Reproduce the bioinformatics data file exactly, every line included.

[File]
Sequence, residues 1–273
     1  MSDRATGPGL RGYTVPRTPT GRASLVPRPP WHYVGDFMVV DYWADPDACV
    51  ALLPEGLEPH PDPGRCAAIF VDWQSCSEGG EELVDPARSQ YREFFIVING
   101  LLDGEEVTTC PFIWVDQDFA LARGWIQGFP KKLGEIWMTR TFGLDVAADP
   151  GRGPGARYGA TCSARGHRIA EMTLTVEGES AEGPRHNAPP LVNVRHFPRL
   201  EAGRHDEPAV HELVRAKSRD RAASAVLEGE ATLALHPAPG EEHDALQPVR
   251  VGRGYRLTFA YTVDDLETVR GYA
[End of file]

Sequence, residues 1–273
     1  MSDRATGPGL RGYTVPRTPT GRASLVPRPP WHYVGDFMVV DYWADPDACV
    51  ALLPEGLEPH PDPGRCAAIF VDWQSCSEGG EELVDPARSQ YREFFIVING
   101  LLDGEEVTTC PFIWVDQDFA LARGWIQGFP KKLGEIWMTR TFGLDVAADP
   151  GRGPGARYGA TCSARGHRIA EMTLTVEGES AEGPRHNAPP LVNVRHFPRL
   201  EAGRHDEPAV HELVRAKSRD RAASAVLEGE ATLALHPAPG EEHDALQPVR
   251  VGRGYRLTFA YTVDDLETVR GYA